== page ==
Divine providence? Or just another example of my uncanny luck and privilege? When I think of my unemployed and near-hopeless trans friend living across the waters in the supposed Land of the Free, small wonder I should occasionally feel guilty…

6 thoughts on “A Unique Privilege

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  1. I appreciate the obvious soul searching that you’ve engaged in. I completely understand what you’re saying but your friend is victimized by a number of factors that neither you nor I have anything to do with. Her poverty, lack of employment prospects, the sad fact that state and local and national governments that have failed to offer her protection from discrimination, and finally the presence of a religious belief system that uses they’re “holy” book to justify discrimination based on sexual orientation and gender identity just like 150 years ago it used the same book to justify slavery and the subordination of women. Surely if anyone should be feeling guilty it is the clergy, politicians and those who actively work to prevent any protection being made available for trans* people where ever they fall under the umbrella. Let’s not forget the many that passively acquiesce to the continuation of a culture steeped in misogyny, transmisogyny, sexism, heterosexism transphobia, effeminophobia and homophobia. Surely if guilt should be felt it is all those people who should be deeply bothered right now.

    Those of us with some measure of comfort in living our truth, owe a debt of gratitude to those who came before us and made our corners of the world a better place. I am blessed to live in New Mexico where we have a law protecting me from discrimination on the basis of my gender identity – agender – and my sexual orientation – queer. I also happen to be disabled and am afforded protection from discrimination on those grounds as well. Recognizing my privilege I choose to use it to advocate for those who are not as fortunate. I use my blog and social media to pass on the plights faced by people in other LGBTQIA Communities. I do what activism I can, advocating for improving the situation elsewhere in the world. I also look back on the activism I was involved in in the past that, along with the activism of many others, has led to some improvements in my corner of the globe. I am reminded of the quote by Dr. Martin Luther King Jr who said “the arc of the moral universe is long, but it bends towards justice.” That is what gives me hope.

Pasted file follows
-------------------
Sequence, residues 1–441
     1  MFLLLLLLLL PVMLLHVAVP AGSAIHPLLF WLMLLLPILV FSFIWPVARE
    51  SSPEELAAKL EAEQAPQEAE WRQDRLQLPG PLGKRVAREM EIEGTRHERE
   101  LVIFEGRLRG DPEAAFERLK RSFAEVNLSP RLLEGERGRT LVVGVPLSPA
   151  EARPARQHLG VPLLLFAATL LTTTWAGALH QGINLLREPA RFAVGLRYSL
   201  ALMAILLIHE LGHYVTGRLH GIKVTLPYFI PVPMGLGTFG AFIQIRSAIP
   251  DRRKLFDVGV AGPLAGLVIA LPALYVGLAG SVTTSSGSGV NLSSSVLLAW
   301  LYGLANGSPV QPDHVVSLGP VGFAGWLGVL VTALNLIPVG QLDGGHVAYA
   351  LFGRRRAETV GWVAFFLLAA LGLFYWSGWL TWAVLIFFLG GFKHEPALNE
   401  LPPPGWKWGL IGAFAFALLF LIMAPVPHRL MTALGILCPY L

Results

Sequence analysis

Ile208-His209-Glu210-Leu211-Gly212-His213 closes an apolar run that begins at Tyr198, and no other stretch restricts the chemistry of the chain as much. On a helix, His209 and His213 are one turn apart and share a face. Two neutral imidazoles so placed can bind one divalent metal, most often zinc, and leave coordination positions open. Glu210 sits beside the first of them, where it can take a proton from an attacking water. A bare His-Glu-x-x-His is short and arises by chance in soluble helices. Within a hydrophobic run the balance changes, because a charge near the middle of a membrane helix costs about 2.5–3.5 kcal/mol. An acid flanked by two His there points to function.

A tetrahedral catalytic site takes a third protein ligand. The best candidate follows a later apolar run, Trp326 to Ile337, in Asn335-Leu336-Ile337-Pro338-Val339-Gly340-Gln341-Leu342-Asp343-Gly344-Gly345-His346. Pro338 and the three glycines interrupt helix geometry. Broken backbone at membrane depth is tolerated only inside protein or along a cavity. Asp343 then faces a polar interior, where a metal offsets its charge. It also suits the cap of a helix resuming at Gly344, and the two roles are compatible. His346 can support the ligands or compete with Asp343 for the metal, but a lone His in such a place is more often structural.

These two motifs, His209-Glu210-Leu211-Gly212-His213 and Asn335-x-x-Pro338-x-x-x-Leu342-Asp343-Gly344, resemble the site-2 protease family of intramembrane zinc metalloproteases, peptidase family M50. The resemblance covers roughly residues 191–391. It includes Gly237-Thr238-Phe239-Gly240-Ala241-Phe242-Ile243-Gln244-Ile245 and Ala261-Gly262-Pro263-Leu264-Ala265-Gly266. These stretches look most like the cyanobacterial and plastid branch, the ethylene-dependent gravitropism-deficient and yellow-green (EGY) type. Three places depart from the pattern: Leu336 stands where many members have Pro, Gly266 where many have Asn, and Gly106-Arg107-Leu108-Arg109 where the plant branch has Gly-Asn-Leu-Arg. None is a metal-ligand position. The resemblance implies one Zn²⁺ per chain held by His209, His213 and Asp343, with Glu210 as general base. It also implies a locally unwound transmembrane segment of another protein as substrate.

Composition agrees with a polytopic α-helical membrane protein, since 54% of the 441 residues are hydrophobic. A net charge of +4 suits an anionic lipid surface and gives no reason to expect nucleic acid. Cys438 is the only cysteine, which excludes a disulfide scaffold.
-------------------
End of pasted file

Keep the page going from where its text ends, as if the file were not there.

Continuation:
Liked by 1 person

    1. Thank you for such an in-depth, thoughtful, and very encouraging post. You are right, of course. I just wanted to probe my sense of guilt a little more closely, and also the sense of why I feel I must engage with these political debates even though they barely affect me. I find a common answer in the suffering of people like my friend, who should be enjoying all of the benefits and protections of a civilised, liberal society. Using our comparative good fortune as a basis for activism and reform on behalf of those less fortunate certainly seems like a more productive course of action than just giving up and dropping off the grid. Some (particularly the oft-quoted Deep Green Resistance) would disagree, and state that society is irredeemable, but since you mention him, Dr. Martin Luther King Jr certainly did not believe that.

      Liked by 1 person

  2. Beautifully written. You don’t have to feel guilty for wanting to do gender in a certain way; you can strive for binary cisnormative gender expression with the awareness that you’re doing so for the eyes of others. But the gender we are isn’t just about what’s internal; it’s also about being seen by the world in a certain way, so of course we end up inextricably tied up in the gendered expectations of society. Nobody is immune to all societal pressure. It’s good to ask ourselves where these expectations come from though, what our role is in this system, and how the system can be changed from the inside out.

    Liked by 1 person

    1. Wise words. I am receptive to the idea that gender dysphoria and its variants have their cause in society more than in human pathology, but while we are working out how to reform society (a monumental task) people have to live with them one way or another. Just on a results basis, I feel so much better since coming out, and each step I take to physically and legally further that process feels liberating. If I feel guilt for anything now, it is from having had the good fortune to get as far as I have done while others – due to circumstances beyond their control – can’t even dream of beginning the journey.


      1. Absolutely. And I really admire Laverne Cox for speaking out at every opportunity for those who DON’T have those privileges; she’s a lesson in gratefulness+activism in herself.

        Liked by 1 person